Calculus is the branch of mathematics that focuses on the study of curved lines and surfaces. It is divided into differential and integral calculus. There has been an ongoing debate in the history of science regarding its inventor. Be it Newton, Leibniz, or both, the methods used in calculus today are a combination of the contributions made by both these luminaries.
In this course, students will be introduced to the concept of gradients; differentiation applied to trigonometry; implicit and parametric differentiation; exponential and logarithmic functions; derivatives, chain, products, and quotient rules; stationary points; and basic and advanced integration with a focus on their applications in medicine. For optimal comprehension, students should have a high-school–level understanding of arithmetic and algebra.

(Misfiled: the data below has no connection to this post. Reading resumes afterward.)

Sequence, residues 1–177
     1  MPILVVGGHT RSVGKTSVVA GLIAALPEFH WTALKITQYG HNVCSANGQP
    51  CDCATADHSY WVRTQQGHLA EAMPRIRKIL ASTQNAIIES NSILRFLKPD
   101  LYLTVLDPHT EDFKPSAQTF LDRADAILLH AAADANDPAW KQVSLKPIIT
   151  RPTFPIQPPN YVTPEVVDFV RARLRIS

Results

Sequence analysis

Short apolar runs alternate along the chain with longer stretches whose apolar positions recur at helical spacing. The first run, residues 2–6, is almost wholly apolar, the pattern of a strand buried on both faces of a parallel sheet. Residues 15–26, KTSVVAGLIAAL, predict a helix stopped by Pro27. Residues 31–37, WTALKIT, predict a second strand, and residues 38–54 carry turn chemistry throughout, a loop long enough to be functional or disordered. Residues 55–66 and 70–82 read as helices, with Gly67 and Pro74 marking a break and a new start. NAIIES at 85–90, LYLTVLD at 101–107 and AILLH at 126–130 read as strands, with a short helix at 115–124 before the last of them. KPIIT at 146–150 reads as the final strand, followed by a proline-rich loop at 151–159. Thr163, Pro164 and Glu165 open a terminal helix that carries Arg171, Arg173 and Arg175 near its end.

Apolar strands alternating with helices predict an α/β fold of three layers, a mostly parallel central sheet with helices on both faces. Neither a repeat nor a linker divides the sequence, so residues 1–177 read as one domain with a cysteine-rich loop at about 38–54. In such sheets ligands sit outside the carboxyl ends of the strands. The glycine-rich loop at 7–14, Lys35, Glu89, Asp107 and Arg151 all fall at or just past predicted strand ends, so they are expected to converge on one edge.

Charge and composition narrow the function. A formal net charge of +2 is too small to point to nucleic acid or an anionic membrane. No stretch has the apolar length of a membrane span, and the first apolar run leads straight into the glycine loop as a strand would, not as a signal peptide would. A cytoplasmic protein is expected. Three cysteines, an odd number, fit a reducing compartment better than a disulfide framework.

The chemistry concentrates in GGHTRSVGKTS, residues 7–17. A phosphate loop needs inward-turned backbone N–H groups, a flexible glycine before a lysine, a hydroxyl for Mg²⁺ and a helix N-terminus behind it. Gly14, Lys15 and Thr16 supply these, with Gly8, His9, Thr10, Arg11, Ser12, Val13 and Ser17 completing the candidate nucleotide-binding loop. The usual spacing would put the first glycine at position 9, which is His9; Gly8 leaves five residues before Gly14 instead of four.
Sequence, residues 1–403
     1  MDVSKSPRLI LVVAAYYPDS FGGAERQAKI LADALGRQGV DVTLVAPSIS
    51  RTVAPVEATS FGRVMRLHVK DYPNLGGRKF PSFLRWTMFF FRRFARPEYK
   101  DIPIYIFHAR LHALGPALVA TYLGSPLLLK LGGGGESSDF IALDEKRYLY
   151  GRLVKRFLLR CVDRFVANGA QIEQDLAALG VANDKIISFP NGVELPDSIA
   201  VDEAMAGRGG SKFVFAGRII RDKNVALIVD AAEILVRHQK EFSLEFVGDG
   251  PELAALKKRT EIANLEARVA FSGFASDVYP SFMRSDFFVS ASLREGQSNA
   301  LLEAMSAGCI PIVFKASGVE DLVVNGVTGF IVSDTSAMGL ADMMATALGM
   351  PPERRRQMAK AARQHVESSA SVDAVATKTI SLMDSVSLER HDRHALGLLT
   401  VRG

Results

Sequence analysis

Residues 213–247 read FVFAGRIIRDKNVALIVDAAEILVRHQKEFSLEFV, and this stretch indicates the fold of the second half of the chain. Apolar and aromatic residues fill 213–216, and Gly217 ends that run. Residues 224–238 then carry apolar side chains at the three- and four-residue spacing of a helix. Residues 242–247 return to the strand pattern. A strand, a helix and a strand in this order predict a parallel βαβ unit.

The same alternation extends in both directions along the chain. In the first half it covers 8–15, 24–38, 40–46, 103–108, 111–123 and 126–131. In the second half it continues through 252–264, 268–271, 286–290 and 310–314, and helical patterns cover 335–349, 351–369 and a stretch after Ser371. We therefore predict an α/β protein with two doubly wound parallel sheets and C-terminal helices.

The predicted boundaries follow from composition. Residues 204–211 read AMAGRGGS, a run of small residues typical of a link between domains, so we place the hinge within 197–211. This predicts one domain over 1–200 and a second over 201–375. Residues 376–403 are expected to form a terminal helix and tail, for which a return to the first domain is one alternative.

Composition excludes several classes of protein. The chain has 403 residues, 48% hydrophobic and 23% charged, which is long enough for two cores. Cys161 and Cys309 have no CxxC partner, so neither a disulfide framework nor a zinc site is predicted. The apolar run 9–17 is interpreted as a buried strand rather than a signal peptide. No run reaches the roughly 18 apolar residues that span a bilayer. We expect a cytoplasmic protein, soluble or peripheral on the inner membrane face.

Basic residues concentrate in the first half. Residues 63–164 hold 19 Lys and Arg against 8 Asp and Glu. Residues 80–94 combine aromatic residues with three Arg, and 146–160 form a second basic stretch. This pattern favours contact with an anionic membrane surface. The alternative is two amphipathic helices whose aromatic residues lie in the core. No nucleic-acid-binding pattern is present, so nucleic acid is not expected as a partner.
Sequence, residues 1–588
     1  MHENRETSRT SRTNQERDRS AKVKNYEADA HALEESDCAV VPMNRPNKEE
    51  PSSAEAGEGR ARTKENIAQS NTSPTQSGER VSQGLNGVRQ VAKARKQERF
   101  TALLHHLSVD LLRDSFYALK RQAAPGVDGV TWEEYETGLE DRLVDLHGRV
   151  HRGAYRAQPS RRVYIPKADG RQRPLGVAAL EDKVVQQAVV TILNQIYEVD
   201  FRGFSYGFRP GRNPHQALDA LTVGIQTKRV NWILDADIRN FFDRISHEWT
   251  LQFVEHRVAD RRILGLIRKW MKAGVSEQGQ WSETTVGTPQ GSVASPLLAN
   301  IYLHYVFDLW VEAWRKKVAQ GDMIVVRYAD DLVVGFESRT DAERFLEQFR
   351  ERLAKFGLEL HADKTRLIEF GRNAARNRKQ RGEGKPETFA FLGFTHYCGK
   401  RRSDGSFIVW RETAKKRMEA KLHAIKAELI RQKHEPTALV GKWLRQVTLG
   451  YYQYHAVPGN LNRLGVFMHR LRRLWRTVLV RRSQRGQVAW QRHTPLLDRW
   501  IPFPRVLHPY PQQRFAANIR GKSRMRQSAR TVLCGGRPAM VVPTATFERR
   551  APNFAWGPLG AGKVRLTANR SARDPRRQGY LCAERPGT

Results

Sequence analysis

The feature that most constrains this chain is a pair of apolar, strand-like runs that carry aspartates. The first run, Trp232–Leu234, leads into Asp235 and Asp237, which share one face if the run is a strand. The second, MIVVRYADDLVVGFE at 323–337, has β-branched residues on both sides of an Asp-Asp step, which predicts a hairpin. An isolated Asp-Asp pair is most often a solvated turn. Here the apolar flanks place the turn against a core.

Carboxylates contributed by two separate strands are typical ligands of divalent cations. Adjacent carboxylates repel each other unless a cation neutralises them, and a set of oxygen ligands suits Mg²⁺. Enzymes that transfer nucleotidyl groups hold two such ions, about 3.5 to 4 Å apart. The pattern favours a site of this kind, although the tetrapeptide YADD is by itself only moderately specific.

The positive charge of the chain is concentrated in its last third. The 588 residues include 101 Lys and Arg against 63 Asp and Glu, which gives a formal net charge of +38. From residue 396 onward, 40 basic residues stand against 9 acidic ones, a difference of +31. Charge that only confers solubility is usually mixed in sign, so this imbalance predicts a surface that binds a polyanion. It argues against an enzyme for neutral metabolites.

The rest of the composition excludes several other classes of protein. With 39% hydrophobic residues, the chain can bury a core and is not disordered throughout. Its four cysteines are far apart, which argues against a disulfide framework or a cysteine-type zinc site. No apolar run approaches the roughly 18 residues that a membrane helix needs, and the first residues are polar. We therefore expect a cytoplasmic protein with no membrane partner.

Be it engineering, physics, chemistry, statistics and data science, astronomy, or medicine, calculus has a myriad of applications for each subject area. Furthermore, mathematical thinking is a very important virtue that any scientist, including physicians, should cultivate to achieve trustworthy observations.
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